Sometimes, complaints land in my inbox. Last week, I answered a note from a reader about couponing and processed foods. Here's a letter from a reader who wonders about the environmental impact of coupon shopping.
Q: "Saving money isn't the only consideration in making choices. What about all the energy that goes into making those plastic, glass and metal containers products are packaged in? Excess packaging is just one of the many things to think about when buying a product. Frugality is a good value, but so is making conservative use of our Earth's natural resources, so there will be some left long after we're gone."
A: It dismays me that some people blame coupon shoppers for excess packaging so often seen on products at the grocery store. This is not the first time I've heard this argument, either.
I'm no fan of packaging overload. My household recycles as much as possible. But packaging is a reality of our modern world. It's difficult to buy a gallon of milk if it doesn't come in a carton or a jug. And it would nearly be impossible -- not to mention messy -- to bring home a jar of pasta sauce without the jar!
Unless you grow all of your household's food in a very large garden and then can and store all the produce for use during the winter months, at some point, you need to purchase products at a store. And the products you purchase will be covered in cardboard, plastic, glass or metal packaging. Products are packaged in various ways, for various reasons: to protect the nutritional content of a product, to maintain product integrity and even, unfortunately, to deter theft. I've often noted that the large, clear bubble clamshell around a razor is many times larger than the razor itself. Wasteful packaging? Possibly. But in the real world, the packaging also deters theft.
Not long ago, a couple made news in my area when they were arrested for trying to shoplift razors from a supermarket. They had emptied a box of cereal, removed $510 worth of razors from large, plastic packages and then put the razors in the cereal box. They tried to purchase the overloaded box of "cereal" in the self-checkout lane. The checkout register's scale notified the store's staff that the weight of the item being scanned was much heavier than a normal box of cereal. The pair was arrested.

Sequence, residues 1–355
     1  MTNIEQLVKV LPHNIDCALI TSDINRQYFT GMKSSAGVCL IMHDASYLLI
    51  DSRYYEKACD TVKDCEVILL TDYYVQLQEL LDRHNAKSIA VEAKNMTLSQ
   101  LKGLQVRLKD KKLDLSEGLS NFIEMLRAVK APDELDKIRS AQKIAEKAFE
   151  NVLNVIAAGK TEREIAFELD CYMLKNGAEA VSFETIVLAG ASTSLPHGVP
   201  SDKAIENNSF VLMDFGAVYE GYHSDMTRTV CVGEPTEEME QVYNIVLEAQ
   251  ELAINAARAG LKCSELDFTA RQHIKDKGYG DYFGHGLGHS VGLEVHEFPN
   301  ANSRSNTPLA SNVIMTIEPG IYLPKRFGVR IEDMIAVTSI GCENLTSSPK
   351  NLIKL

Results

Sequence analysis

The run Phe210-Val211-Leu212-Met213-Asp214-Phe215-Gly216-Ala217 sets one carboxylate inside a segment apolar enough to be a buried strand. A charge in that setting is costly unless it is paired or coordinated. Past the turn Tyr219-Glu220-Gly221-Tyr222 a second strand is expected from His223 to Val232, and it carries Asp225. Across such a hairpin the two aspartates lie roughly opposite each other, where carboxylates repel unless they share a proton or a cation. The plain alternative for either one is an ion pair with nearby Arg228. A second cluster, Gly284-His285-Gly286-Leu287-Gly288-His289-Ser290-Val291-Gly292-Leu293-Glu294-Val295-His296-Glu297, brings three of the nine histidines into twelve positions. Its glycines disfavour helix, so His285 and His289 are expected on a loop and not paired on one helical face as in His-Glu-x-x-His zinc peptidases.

Razors are typically packaged in a large plastic bubble because they are expensive and the bulky package deters theft. Sometimes, the plastic bubble also may contain a radio-frequency identification (RFID) chip to trigger an anti-theft alert if the product is taken out of the store before being disabled.
Incidentally, had the razor shoplifters been good coupon shoppers, they could have had just about as many razors as they wanted, free of charge. Those "expensive" razors frequently are free with coupons during good sales!
Here's an eco issue all good coupon shoppers face. Do we invest in a reusable razor and buy replacement blades (which come in a cardboard package but are rarely on sale) or do we rely on the throwaway razors we generally can receive for free (in giant plastic packages) using coupons? I can't, in good conscience, purchase razor blades when I can get razors for free on a regular basis. Buying more razors in "big plastic bubbles" may not be the environmental thing to do, but with coupons, it is the economical thing to do. And, as this is a coupon savings column, it's no secret on which side of that issue I sit.
While I'm always mindful of not wanting to deplete the earth's resources, I also can't in good conscience waste my household's financial resources, either. As with all things, you must decide for yourself which choice makes more sense.
Next week, we'll hear from another reader who asks a "quality versus price" question regarding meats.
Jill Cataldo, a coupon workshop instructor, writer and mother of three, never passes up a good deal. Learn more about couponing at her web site, www.supercouponing.com. E-mail your own couponing victories and questions to email@example.com.